For many people, even those most enlightened when it comes to art and culture, Africa remains “the dark continent” out of which little emerges that sparks interest. The Museum for African Art, set to open in 2011 in New York City, hopes to shine new light on the ancient art of Africa and establish that tradition as just as rich, diverse, and important as those more familiar to the Western world. Featuring more than 100 bronze, terra-cotta, and stone sculptures created between the ninth and fifteenth centuries, Dynasty and Divinity: Ife Art in Ancient Nigeria kicks off this effort to bring a taste of the majesty and magic of African art to the west while simultaneously drawing in the imaginations of the intellectually curious who have always wanted to pierce to the heart of the darkness surrounding a continent and its people.
Currently running at the British Museum until the Museum for African Art opens its doors in 2011, Dynasty and Divinity establishes Nigeria as a source of technically sophisticated and spiritually moving ancient art as striking as that of Ancient Greece or Rome. “While Yoruba-speaking people [living in Nigeria] today may be devout Christians or Muslims,” Enid Schildkrout writes in the catalog, “they still tell or talk about—and many hold sacred—the stories, songs, works of art, and shrines that allude to the characters and activities of deified ancestors.” Whether portrait heads of royals or grotesque depictions of monstrous figures, the art of the Ife shown in Dynasty and Divinity demonstrates why people still talk about—and believe in—these stories and ideas centuries later.
The Head called “Lajuwa” (shown) stands as a perfect example of the staying power of these myths become mythic art. The Lajuwa of legend was a servant who usurped the throne upon his master’s death by donning the ruler’s clothing. Once found out, Lajuwa was beheaded, which makes this freestanding, life-sized head seem ironic in conception, as if the sculptor decided to behead the treacherous servant once more. Today, palace servants consider Lajuwa a kind of patron saint, despite (or maybe because of) his treacherous ways. Holes in the sculpted head hint at where a crest or feather may have been inserted. A visible pride washes over the face of Lajuwa, with just a hint of defiance about the lips. The paradoxes and inconsistencies of characters such as Lajuwa found throughout Ife history place them on a par with the fickleness of the Greek gods themselves, and make them just as human and compelling today as they were in ancient times.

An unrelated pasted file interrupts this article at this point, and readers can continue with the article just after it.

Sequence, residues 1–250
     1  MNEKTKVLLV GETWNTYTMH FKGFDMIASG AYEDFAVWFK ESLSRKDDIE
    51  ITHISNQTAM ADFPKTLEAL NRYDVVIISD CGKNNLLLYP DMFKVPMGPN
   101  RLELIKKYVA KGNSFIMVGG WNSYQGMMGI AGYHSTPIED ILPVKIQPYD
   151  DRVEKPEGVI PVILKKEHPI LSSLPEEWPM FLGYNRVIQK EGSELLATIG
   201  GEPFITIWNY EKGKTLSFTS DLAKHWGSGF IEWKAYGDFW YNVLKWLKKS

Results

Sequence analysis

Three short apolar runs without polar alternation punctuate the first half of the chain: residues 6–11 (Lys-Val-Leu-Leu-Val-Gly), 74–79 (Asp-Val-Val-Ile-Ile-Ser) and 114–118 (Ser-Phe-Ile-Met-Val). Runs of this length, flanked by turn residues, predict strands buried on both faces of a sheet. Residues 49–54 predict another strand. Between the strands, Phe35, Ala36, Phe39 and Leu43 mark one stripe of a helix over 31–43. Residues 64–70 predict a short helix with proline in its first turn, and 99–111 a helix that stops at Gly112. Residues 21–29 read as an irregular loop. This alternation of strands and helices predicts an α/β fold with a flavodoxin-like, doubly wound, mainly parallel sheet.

I freely admit my ignorance of ancient African art, which made the educational elements of the catalog even more interesting to me. Dynasty and Divinity provides a crash course not only in the particulars of who, what, and when in Nigeria, but also sets out a template for additional investigations into African art, which require an openness to the diversity and difference of encountering a “new” culture, but also an open mind to recognize the similarities that demonstrate just how similar we truly are. By using maps and photographs of the traditions still followed by the descendents of the Ife, the catalog walks you through the basics before getting into the grand particulars. I can only imagine how an inquisitive African-American youth would feel upon taking into his or her hands the catalog of this exhibition and reclaiming a past that was ripped out from under their ancestors’ feet. If Dynasty and Divinity is any indication, The Museum of African Art should quickly take a place of prominence in the education of the American public in terms of art and life, and how the two have always been connected.
[Image: Head called “Lajuwa.” Ife Palace, Ife. 12th-15th century C.E. Terra-cotta. © National Commission for Museums and Monuments, Nigeria. Photo Courtesy Museum for African Art/Fundacion Marcelino Botin. (Photo: Karin L. Willis.)]
[Many thanks to the Museum for African Art for providing me with the image, press materials, and a review copy of the catalog for Dynasty and Divinity: Ife Art in Ancient Nigeria, which will be one of their inaugural exhibitions when they open in 2011.]